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Ice Station Antarctica at the Natural History Museum

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The chilly continent of Antarctica has come to London’s Natural History Museum with the opening of new interactive blockbuster Ice Station Antarctica. Aimed at a family audience, the exhibition challenges kids to survive the extreme conditions faced by scientists researching this fragile continent, and to find out how Antarctica affects the rest of the planet.

Developed in partnership with British Antarctic Survey, the exhibition takes “Ice Cadets” through a series of activities in pods depicting life for the scientists living and working on the continent. Lit inflatable pods the size of icebergs, and a freezer room at −10°C, give visitors the chilly treatment.

Ice Station Antarctica visitor information

25 May 2007 – 20 April 2008, 10.00–17.50
Natural History Museum, Cromwell Road, London, SW7 5BD

Admission: £7, £4.50 concessions, £19 family (up to five, minimum one adult, maximum two). Free for Members, Patrons and children aged three and under.

Booking: (from 1 April 2007): NHM bookings
(a transaction fee applies on all advance tickets)

Visitor enquiries: 020 7942 5000

Using a bar coded ticket “Ice Cadets” can explore this unique continent by trying on clothing used by scientists, getting out in the field where they can experience camping in a tent and glimpse the 24-hour darkness winter residents have to cope with. They can also endure the sights and smells of working in a penguin colony and pretend to be diving under the ice with weird and wonderful sea creatures.

At the end of the exhibition, “Ice Cadets” can find out what Antarctic job suits them best, whether it’s a penguin scientist or a meteorologist. They can then continue to learn at home with a series of challenges on the web site.

Every year hundreds of scientists and staff travel to Antarctica, braving harsh conditions and freezing temperatures in order to carry out crucial scientific research — but most people couldn’t even imagine what it really is like to live and work there. At Ice Station Antarctica visitors will see if they have got what it takes to brave Antarctica by challenging all “Ice Cadets” to a series of activities through which they can learn more about the continent, the animals that live there and the valuable research that takes place.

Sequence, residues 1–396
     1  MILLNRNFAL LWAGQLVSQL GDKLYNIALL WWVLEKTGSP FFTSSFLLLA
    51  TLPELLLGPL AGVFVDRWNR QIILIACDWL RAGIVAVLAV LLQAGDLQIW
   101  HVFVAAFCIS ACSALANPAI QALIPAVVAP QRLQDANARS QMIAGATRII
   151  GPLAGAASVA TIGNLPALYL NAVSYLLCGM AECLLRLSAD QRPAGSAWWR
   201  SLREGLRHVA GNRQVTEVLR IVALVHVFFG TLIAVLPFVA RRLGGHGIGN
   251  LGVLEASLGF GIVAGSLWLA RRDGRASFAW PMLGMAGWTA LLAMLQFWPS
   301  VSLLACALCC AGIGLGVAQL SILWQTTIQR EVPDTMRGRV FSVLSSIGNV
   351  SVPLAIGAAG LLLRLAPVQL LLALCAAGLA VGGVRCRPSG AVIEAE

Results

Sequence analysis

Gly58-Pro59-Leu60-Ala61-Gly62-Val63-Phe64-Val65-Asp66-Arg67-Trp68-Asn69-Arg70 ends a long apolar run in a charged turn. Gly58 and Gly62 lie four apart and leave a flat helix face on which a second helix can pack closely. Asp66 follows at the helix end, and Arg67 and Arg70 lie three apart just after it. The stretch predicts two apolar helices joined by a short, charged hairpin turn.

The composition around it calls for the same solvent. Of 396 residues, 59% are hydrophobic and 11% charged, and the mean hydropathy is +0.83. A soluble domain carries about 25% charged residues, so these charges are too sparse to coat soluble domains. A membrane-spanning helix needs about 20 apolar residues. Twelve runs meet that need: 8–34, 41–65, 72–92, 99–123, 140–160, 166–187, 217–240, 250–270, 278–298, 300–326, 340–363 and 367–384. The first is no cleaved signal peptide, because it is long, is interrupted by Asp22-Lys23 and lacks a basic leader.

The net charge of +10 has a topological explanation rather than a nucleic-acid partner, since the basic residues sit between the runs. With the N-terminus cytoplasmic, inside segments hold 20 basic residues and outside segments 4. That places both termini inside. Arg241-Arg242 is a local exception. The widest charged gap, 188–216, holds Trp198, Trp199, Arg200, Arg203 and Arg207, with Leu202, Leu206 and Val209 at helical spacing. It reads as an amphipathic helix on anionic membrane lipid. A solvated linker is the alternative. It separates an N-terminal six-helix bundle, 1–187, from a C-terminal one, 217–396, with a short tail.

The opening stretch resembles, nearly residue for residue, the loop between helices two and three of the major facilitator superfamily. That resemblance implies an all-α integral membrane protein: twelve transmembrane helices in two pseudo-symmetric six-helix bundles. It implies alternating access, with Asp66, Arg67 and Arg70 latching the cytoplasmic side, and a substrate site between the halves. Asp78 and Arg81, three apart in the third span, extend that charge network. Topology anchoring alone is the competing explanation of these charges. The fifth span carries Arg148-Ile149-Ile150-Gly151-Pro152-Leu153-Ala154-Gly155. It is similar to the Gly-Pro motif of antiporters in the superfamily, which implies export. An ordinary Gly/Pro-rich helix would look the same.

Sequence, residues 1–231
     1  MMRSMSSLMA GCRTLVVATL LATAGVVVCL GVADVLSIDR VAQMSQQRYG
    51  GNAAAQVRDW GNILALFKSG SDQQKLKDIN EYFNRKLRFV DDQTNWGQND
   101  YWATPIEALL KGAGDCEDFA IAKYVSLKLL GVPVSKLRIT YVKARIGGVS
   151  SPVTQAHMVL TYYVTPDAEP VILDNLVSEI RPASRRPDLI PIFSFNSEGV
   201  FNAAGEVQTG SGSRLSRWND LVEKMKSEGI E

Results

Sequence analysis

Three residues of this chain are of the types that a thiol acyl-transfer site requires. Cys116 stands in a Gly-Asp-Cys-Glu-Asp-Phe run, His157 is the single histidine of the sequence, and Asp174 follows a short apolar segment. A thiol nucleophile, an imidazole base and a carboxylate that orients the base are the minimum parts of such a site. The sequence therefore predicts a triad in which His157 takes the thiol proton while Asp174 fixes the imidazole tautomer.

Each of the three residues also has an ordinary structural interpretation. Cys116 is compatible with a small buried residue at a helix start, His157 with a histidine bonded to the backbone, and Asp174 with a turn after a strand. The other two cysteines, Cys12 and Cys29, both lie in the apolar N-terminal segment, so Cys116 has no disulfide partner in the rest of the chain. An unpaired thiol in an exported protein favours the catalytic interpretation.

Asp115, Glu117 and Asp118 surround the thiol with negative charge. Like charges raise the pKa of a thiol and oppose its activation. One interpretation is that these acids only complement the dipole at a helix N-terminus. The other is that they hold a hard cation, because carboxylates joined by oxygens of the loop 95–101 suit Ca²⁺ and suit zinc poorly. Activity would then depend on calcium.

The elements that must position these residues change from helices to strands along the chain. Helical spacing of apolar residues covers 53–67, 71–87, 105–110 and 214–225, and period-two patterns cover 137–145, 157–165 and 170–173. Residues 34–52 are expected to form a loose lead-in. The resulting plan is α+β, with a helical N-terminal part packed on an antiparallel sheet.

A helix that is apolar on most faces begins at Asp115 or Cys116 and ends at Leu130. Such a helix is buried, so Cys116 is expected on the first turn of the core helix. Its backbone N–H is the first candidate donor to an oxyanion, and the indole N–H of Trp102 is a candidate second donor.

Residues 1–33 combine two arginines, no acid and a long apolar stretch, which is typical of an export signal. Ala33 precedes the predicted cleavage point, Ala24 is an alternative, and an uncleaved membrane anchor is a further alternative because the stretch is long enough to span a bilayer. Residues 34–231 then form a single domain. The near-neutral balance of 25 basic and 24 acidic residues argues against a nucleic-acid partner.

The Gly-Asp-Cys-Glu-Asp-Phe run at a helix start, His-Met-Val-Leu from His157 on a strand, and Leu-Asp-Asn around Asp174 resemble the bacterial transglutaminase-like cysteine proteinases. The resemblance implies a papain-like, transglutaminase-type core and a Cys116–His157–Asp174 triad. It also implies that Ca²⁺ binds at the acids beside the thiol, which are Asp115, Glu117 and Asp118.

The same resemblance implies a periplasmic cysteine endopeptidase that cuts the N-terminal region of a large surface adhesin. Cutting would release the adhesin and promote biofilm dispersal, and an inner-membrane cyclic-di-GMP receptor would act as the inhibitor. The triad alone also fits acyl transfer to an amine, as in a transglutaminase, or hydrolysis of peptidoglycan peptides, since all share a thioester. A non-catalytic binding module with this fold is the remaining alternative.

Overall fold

"“I would hope that children visiting this exhibition will become scientists, citizens and policy makers who will ensure that not only do we continue to get the best scientific research but who will also help future governments make informed decisions about adapting to global change.”"
Professor Chris Rapley,
Former Director, British Antarctic Survey

Former Director of British Antarctic Survey, Professor Chris Rapley, CBE says, “Today’s society faces unprecedented changes to our global environment. It’s vitally important that we have the best scientists available to understand issues like climate change, and the impact this will have on our planet. Attracting the next generation of scientists can start now at Ice Station Antarctica. We embarked on this partnership with the Natural History Museum to enthuse young people in our science and operations and around 50 of BAS’s science and support staff worked closely with the Museum’s exhibition developers to make Ice Station Antarctica possible”.

Ice Station Antarctica is one of the highlights of the UK’s involvement in International Polar Year (2007/8).

Visitors at Ice Station Antarctica Visitors at Ice Station Antarctica

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